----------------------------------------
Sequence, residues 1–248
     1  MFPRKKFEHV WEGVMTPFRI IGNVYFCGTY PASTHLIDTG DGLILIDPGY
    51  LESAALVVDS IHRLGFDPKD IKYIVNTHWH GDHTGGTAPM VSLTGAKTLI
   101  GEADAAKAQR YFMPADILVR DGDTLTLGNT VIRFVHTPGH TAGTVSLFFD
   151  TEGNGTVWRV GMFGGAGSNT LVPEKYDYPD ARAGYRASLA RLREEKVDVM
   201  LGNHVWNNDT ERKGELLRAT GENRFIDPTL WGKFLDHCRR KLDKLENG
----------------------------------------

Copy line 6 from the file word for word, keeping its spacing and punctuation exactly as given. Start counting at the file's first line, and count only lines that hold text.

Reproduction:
   201  LGNHVWNNDT ERKGELLRAT GENRFIDPTL WGKFLDHCRR KLDKLENG